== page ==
Similar Vision, Essential Difference: Mass Violence in Tolkien and Le Guin

Jamie Campbell Martin

Abstract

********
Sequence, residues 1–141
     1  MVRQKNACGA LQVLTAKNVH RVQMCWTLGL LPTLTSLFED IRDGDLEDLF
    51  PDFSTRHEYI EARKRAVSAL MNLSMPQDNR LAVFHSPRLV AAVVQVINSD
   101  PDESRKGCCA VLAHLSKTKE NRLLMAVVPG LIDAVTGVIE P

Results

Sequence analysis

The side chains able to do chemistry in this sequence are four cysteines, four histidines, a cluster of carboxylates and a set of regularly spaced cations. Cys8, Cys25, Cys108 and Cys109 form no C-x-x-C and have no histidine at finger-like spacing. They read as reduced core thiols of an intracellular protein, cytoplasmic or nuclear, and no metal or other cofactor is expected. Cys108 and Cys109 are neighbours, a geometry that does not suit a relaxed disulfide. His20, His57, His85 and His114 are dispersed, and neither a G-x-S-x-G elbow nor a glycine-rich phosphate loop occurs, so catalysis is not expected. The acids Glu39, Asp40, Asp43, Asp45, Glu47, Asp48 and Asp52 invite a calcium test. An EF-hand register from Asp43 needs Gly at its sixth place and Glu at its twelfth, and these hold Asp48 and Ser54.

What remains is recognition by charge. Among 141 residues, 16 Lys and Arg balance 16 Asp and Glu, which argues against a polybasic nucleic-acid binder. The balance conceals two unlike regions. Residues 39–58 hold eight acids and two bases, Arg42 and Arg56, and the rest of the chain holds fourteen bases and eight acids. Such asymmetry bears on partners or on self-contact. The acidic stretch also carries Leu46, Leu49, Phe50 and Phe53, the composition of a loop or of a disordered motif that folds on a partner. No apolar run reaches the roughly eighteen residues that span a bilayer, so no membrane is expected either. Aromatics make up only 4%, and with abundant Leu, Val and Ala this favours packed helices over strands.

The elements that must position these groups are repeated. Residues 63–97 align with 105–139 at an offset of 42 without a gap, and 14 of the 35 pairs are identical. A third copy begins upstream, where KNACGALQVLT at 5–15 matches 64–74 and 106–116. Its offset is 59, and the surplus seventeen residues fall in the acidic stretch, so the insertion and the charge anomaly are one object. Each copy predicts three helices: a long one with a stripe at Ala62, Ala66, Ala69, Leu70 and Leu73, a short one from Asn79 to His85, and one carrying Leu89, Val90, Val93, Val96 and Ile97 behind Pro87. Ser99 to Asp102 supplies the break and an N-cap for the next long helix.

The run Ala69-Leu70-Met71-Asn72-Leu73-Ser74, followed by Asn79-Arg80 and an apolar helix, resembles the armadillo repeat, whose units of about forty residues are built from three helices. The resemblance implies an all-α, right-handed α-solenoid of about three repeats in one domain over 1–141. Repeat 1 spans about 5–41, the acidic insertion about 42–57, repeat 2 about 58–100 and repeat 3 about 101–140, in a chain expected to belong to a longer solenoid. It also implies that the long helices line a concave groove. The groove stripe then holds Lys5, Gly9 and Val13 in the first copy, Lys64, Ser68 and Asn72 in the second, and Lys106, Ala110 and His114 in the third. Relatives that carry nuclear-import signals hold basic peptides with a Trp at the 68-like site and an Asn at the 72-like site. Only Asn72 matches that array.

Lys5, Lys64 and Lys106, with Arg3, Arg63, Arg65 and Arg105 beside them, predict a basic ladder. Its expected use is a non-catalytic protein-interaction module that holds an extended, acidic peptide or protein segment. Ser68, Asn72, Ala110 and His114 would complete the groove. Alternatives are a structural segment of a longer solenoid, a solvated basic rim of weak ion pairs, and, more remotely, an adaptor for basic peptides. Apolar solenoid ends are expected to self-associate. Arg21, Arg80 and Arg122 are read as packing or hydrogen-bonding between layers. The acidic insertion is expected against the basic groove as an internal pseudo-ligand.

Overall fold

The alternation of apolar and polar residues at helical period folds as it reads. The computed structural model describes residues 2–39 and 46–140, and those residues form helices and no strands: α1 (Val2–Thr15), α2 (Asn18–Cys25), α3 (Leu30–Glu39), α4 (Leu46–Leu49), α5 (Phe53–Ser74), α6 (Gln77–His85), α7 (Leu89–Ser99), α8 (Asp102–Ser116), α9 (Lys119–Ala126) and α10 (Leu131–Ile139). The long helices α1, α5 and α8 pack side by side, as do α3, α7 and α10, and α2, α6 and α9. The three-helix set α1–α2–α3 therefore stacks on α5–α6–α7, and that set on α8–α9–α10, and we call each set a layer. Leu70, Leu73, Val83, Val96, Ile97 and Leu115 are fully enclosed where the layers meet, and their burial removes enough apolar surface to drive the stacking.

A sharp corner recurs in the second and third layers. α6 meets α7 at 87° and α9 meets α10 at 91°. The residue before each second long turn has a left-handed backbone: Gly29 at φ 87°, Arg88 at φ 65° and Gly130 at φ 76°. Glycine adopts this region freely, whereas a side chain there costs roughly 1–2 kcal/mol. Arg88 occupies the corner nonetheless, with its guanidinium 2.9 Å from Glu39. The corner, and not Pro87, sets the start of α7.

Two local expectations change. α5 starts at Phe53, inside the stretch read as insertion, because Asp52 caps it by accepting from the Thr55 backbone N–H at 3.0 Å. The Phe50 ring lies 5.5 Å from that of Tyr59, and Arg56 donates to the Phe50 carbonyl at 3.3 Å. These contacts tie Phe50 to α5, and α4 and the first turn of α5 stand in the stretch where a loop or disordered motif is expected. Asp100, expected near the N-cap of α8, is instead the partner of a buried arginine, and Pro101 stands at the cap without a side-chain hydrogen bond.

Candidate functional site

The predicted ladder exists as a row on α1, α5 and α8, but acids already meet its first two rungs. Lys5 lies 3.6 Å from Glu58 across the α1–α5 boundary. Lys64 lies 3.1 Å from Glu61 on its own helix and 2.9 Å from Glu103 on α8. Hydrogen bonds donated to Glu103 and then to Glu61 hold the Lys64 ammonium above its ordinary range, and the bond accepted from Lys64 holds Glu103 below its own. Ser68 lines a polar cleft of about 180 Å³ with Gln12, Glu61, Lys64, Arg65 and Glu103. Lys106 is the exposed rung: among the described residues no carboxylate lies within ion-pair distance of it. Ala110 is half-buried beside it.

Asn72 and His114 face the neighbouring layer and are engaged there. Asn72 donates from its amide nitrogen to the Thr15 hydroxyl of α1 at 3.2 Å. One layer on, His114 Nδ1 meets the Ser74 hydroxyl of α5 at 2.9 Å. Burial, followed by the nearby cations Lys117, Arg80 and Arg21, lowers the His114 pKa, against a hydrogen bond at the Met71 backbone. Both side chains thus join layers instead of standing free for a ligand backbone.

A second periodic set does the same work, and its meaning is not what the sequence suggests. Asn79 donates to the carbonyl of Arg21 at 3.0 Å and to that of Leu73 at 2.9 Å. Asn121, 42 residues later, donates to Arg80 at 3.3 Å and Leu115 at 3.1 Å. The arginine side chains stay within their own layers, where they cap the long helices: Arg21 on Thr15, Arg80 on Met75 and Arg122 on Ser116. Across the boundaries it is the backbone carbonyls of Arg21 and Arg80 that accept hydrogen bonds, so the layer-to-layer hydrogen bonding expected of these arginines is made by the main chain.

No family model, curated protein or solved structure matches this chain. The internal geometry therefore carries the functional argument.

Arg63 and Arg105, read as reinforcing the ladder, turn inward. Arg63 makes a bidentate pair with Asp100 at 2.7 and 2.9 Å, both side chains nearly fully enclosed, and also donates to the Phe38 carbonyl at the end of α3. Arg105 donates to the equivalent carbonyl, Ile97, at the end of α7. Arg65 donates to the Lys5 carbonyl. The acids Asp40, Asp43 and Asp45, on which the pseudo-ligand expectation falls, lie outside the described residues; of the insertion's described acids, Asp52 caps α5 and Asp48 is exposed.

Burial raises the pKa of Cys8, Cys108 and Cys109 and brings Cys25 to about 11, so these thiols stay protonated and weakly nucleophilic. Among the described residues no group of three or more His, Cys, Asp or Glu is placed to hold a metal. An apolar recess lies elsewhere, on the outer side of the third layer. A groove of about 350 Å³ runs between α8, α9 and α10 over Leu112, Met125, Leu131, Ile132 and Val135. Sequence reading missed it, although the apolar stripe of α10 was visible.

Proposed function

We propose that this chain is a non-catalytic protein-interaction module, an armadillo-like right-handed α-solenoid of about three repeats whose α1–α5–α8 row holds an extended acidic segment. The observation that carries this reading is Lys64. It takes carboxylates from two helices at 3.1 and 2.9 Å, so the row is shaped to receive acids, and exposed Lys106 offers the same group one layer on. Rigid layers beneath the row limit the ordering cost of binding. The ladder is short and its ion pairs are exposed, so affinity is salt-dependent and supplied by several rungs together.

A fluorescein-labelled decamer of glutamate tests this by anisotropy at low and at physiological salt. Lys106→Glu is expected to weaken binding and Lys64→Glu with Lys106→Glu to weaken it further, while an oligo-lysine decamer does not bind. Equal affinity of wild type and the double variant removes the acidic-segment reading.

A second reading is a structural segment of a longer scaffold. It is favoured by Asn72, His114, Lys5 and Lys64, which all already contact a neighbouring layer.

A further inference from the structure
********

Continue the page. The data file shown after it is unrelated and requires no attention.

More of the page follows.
J.R.R. Tolkien and Ursula K. Le Guin put forward similar visions of the good society. Tolkiens Hobbits inThe Lord of the Ringsand Le Guins Athsheans inThe Word for World Is Foresteachmodel a community that is peaceful, nature-loving, and non-expansionist. Yet Tolkiens belief in the need for just war contrasts with Le Guins pacifism. In 'The Scouring of the Shire', a final chapter ofThe Lord of the Rings, Tolkien argues that to flourish, the Shire must be willing to employ violence in self-defense and to accord a lesser moral status to outsiders. Peaceful without being pacifist, the Shire reaches a stable equilibrium, safe from any invaders. To the Le Guin of the Vietnam era, in contrast, only true pacifism is stable for Athshean society. The Athshean demotion of their invaders to lesser moral status, undertaken in self-defense, nonetheless brings about a downward spiral that suggests future indiscriminate war.


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